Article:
BUG OF THE MONTH: August 1996

Leaf-Cutter Bees

Order Hymenoptera, family Megachilidae (part)

Copyright © 1996 by  Louise Kulzer

This article originally appeared in Scarabogram, August 1996, New Series No. 196, p. 3.

b&w photo of two Megachile species adults
Two species of Megachile
(from Howard 1903)

I always like late spring and summer, because as soon as my roses start looking good, I can be pretty sure the leaf-cutter bees are not far behind. Leaf-cutter bees are solitary bees in the family Megachilidae (but remember, not all megachilids cut leaves). Those that do cut leaves use them to line their nests, which are constructed in a variety of places, such as tunnels in the ground, under stones, in the pith of brambles (Frost 1959) or excavated in wood.

[Most megachilids use pre-existing holes and do not dig their own burrows. Of 20 genera in the Pacific Northwest, three (Trachusa, most Megachile, some Hoplitis) use leaf pieces and many Osmia (a large genus also including the mason bees) use chewed-up leaf (Stephen et al. 1969).]

diagram of Megachile nest

Actually, it's a bit more elaborate than just lining the nest burrow. Leaf-cutter bees construct several cells from the leaf pieces they collect. The cells are positioned end to end in a long burrow. Several circular leaf pieces form the bottom, then oblong pieces are placed along the sides to form a "thimble." This thimble is then provisioned with nectar and pollen, and an egg is laid in it. Then the bee cuts more circular pieces to close the cell. Once the cell is closed, the bee starts another cell above the first, until the whole cavity is filled. Like all solitary bees, the female leaves the nest after it is closed. The grubs fend for themselves on the nectar and pollen.

The adult leaf-cutter bee is smaller than a honey bee, dark, often hairy, with a prominent pollen basket below. Females are workaholics, and are a delight to watch because, being so intent on cutting leaves, they usually ignore a nearby observer! The leaf sections are cut with the mandibles, and the bee forms an arc with her head along the leaf edge to make the circular shape. (They remind me a little of an electric can opener, only with much more personality.)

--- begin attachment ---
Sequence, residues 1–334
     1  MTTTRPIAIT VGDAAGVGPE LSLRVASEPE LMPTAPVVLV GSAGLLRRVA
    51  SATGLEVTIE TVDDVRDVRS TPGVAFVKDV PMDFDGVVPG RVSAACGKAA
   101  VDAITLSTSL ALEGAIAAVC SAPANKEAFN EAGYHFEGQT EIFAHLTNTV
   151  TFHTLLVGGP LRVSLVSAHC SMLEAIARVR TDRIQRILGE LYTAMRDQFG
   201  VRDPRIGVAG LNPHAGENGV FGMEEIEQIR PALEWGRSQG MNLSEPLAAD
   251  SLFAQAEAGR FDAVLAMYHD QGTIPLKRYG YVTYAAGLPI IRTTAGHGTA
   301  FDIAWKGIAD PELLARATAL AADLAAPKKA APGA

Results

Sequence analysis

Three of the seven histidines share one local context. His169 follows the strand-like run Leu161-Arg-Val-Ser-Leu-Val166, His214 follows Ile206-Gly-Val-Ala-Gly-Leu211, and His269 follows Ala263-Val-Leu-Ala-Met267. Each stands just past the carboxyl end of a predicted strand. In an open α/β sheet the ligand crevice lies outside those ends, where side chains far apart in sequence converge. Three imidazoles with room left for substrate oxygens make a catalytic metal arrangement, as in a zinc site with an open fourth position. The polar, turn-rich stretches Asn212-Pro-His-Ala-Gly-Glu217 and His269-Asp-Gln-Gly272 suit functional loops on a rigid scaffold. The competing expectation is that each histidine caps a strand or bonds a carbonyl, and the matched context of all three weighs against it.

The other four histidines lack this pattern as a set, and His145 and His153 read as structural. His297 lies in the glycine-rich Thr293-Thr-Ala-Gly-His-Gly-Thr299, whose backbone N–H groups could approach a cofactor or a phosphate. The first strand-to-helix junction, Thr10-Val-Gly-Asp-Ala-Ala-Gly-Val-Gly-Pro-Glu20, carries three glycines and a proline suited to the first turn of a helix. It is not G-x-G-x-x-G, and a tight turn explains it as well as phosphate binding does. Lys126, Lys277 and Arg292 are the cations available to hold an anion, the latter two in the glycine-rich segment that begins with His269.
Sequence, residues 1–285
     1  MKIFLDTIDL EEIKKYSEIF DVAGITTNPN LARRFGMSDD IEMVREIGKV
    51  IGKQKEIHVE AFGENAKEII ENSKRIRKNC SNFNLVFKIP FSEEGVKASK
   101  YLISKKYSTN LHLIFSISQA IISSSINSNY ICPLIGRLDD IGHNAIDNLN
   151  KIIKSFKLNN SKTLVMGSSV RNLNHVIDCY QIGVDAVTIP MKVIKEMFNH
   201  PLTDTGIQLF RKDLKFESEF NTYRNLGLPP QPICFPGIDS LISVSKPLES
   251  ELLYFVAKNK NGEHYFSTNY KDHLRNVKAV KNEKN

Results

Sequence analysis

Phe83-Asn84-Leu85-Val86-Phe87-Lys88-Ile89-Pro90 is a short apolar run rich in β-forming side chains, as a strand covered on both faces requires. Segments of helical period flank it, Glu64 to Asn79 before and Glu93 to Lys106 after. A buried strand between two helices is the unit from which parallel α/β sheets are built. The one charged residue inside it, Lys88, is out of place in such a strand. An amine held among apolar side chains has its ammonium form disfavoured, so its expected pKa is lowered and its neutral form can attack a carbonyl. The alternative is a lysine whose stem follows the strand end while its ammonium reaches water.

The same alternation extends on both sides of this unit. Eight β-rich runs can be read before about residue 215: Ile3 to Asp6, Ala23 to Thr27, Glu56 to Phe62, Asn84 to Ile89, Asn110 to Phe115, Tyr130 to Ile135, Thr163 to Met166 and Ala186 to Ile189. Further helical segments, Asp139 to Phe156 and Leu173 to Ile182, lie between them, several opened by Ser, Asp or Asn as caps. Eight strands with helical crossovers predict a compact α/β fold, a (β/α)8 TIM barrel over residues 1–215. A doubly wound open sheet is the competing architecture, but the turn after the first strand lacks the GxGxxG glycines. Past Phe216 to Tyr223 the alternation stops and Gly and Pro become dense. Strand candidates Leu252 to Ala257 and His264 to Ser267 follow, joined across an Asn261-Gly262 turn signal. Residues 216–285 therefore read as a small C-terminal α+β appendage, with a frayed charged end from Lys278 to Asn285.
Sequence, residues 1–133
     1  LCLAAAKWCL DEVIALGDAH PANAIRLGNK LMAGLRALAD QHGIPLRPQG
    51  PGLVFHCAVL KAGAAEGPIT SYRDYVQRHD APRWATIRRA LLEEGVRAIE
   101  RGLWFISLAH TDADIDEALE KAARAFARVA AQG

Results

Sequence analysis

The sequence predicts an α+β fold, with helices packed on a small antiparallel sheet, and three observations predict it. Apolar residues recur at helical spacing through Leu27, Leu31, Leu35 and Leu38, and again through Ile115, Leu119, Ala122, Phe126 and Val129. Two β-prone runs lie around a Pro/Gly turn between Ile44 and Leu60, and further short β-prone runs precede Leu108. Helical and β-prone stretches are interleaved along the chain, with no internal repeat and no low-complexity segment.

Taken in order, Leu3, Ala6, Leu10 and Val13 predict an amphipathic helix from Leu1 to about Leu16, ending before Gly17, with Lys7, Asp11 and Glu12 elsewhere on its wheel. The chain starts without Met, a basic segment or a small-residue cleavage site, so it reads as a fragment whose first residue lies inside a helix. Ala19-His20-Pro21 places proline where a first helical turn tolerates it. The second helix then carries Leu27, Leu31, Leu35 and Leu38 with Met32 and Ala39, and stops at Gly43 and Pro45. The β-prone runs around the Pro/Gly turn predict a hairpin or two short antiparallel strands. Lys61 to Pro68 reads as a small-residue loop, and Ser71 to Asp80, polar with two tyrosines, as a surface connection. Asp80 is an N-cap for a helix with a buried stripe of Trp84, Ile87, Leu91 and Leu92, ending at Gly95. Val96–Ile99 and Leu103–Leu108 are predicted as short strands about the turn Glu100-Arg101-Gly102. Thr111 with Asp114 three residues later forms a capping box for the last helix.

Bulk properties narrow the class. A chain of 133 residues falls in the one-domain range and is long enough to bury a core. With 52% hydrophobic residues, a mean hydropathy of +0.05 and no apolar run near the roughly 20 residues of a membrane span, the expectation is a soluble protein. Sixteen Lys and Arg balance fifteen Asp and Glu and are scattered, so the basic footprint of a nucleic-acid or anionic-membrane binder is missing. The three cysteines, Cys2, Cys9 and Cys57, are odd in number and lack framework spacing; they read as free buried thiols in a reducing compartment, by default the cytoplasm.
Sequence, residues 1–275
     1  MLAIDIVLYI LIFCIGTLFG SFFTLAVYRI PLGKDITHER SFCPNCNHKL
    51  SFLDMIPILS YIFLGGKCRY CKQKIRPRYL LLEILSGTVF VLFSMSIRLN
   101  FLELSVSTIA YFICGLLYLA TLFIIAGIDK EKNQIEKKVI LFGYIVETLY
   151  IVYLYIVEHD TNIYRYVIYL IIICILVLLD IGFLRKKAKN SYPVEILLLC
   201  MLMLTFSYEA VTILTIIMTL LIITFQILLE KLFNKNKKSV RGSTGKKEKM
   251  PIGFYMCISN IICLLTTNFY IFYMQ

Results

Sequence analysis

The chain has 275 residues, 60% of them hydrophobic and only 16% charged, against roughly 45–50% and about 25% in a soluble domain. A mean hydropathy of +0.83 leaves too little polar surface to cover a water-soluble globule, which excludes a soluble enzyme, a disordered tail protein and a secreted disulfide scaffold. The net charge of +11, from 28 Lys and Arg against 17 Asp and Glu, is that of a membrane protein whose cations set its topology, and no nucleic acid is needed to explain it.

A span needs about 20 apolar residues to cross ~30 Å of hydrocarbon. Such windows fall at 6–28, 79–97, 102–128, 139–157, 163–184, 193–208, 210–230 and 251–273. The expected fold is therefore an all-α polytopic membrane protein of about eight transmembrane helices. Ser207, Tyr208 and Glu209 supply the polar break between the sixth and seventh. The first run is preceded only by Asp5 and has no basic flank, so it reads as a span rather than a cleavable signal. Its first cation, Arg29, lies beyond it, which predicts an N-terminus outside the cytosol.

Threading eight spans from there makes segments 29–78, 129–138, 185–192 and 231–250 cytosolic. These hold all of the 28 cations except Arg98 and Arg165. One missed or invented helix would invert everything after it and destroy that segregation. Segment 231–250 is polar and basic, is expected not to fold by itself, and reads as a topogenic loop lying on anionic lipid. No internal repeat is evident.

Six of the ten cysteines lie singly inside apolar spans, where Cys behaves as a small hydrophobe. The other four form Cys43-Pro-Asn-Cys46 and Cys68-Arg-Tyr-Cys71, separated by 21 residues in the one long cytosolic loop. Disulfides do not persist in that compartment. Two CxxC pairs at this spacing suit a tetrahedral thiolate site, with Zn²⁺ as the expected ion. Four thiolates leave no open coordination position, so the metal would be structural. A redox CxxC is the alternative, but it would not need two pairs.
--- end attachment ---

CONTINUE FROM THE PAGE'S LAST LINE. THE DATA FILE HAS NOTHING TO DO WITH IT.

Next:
scan of rose leaves with bee cuts
Leaf-cutter bee damage on rose. Note both
oval and circular cuts.

Leaf-cutter bees are most notorious for cutting circular and oval holes in rose leaves, but I have seen them gather Hypericum sp. (St. John's wort), and this year they are particularly attracted to my vine maple. None of these plants are in the same family either, so that's not it. I think they choose plants that have a specific texture and thickness, much as one might choose paper of a certain weight for a report cover. It would be interesting to compare observations, fellow Scarabs!

Next time you see round or oval holes in your rose leaves, notice if they are regular and neat in outline (rather than ragged, like beetle damage is). If so, don't be dismayed. Just wait quietly and you may be rewarded by seeing first-hand the efficient, elegant work of the leaf-cutter bee.


Frost, S.W. 1959. Insect Life and Insect Natural History. Dover Publications, NY.

Stephen, W.P., G.E. Bohart, & P.F. Torchio. 1969. The Biology and External Morphology of Bees, With a Synopsis of the Genera of Northwestern America. Agricultural Experiment Station, Oregon State University, Corvallis.

This page last updated 16 June, 2005